Real: While Sam was gone, the girls asked me for a few wall hooks for their secret hideout. I said No. They have a fun cupboard under the stairs that even has its own light; they don’t need to be affixing blankets to my walls as well. They they had another great idea, which was to push the couch out from the wall and drape the curtains over the back of the couch. Which was all fine until their brother came and sat on the couch- and the curtains, thus ripping the hardware off the wall.


What was that I was saying about being short two hands?

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{p,h,f,r}: Autumn Days

Pretty:  I love autumn. I especially love October.  I love the color which is especially spectacular around here this year– probably because of all the rain we’ve had– and the light, which is so different from summer light. I walk around marveling at the color (“Look at that tree!”) and the light (“Look at the way the light is hitting the mountains!”) until my kids can’t take it any more.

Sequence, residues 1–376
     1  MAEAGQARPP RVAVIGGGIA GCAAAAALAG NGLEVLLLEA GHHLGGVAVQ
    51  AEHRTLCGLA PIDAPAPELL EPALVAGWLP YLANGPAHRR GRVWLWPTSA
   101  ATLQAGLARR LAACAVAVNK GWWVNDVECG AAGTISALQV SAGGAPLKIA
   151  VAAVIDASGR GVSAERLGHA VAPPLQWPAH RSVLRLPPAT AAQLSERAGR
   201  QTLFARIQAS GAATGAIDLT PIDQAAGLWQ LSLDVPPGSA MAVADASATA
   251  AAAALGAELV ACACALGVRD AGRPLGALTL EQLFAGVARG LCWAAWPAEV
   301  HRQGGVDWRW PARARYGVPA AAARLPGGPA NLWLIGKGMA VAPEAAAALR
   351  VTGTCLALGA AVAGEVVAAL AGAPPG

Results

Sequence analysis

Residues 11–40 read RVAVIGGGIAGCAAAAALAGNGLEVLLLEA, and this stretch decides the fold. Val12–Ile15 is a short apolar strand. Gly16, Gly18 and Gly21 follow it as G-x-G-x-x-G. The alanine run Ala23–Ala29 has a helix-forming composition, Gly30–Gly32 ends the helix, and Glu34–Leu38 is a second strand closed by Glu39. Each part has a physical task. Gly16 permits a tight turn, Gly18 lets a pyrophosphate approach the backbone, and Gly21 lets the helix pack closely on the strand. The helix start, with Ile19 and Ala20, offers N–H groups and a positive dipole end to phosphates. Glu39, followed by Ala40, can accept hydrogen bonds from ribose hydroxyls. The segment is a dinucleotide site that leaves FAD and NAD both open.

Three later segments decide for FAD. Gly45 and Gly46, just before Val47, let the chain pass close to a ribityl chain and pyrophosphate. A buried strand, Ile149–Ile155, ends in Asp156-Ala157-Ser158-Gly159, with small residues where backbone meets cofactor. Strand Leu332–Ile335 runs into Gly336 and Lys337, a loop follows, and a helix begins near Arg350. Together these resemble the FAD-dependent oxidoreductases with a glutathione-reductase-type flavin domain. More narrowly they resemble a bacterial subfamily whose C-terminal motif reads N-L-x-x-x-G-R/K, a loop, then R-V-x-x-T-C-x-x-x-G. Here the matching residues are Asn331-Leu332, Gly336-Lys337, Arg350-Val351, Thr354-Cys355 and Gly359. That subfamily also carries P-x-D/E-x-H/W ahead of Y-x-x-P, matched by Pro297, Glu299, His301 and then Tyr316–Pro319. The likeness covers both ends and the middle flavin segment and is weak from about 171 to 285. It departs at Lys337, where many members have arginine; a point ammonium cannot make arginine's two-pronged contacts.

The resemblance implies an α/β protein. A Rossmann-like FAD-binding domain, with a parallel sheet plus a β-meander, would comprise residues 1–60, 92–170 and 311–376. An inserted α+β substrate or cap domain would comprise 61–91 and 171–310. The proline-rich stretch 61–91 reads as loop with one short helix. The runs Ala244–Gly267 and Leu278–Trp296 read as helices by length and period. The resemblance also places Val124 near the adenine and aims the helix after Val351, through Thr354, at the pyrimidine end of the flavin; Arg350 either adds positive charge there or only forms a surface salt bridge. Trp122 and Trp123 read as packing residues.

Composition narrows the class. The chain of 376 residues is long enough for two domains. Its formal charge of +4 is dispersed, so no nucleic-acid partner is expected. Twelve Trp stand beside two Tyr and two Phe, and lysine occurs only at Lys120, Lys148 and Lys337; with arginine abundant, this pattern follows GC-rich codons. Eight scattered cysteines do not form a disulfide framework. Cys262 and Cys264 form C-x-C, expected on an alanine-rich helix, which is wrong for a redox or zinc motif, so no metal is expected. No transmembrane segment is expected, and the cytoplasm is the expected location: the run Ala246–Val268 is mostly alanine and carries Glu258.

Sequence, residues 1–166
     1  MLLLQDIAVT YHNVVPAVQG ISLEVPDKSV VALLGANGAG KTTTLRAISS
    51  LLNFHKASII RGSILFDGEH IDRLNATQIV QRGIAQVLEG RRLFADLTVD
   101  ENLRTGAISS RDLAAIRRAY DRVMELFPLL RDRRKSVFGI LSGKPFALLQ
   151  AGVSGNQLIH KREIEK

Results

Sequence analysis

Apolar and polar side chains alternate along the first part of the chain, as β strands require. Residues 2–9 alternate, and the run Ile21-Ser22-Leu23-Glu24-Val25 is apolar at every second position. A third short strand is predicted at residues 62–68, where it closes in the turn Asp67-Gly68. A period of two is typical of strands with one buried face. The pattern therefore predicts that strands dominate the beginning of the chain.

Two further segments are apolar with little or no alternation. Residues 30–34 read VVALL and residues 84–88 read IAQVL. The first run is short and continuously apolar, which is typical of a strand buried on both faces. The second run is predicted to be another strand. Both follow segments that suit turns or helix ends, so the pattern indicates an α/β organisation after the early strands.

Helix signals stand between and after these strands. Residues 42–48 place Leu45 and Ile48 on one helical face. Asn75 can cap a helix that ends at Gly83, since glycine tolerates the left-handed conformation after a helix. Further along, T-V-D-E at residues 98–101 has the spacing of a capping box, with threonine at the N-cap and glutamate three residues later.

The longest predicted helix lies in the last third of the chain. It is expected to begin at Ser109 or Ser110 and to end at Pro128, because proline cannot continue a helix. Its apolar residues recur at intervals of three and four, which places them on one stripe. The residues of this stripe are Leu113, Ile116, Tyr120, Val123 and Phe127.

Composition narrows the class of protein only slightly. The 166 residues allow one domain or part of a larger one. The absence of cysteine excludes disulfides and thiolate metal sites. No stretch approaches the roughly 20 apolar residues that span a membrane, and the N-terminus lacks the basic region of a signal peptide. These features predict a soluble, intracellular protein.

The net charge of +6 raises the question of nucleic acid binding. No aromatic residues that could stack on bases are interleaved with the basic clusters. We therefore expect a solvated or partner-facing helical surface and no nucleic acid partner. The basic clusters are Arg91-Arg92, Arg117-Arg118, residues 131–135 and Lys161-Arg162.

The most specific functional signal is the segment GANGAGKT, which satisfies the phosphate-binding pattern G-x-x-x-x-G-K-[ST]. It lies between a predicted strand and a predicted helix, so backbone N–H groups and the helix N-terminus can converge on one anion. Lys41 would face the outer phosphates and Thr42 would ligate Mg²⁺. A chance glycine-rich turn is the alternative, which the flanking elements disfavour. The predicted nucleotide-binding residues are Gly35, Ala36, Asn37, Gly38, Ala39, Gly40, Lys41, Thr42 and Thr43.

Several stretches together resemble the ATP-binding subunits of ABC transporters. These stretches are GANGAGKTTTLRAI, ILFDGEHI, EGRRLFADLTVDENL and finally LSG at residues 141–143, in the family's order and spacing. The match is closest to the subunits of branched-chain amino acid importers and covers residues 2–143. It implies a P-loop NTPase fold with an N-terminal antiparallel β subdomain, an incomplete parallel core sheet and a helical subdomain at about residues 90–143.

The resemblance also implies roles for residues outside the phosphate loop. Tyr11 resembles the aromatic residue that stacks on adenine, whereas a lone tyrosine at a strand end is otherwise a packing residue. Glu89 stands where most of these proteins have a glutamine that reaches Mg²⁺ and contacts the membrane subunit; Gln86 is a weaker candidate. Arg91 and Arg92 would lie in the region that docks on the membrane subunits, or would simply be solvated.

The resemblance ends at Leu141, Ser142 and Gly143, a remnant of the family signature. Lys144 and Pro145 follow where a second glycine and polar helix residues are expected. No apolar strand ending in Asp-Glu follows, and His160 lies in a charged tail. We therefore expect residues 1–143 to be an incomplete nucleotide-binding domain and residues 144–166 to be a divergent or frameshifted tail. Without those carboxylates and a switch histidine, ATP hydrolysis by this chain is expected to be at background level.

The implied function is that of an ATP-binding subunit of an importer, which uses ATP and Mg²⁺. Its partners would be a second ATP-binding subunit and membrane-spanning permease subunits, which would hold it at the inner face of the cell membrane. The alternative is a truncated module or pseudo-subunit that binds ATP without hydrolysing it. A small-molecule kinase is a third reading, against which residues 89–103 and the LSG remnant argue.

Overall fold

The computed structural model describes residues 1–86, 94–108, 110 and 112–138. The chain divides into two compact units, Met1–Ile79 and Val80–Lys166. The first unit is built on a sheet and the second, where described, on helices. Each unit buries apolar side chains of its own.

Just look at the color of this bush!

Happy: I also love the cooler days.  My kids like to lounge in their jammies in the morning, so getting them out to the park early enough in the summer to beat the heat is hard.  In the autumn, we can head out at midday.

Look at how blue the sky is!

Funny:  Phoebe loves to make little rooms for her dolls all over the house.  If I find the family on a shelf, they live in an apartment.  She especially loves big books because “they make good floors.”  This family dinner occurred in the study.

The other day I found a doll’s bathroom set up in the hallway. I draped a little piece of wet paper towel over the edge of the bathtub and put a chocolate chip in the toilet. When I called her and told her to ask her people please to clean their bathroom, she dissolved in giggles and ate the chocolate chip. So much for sanitation.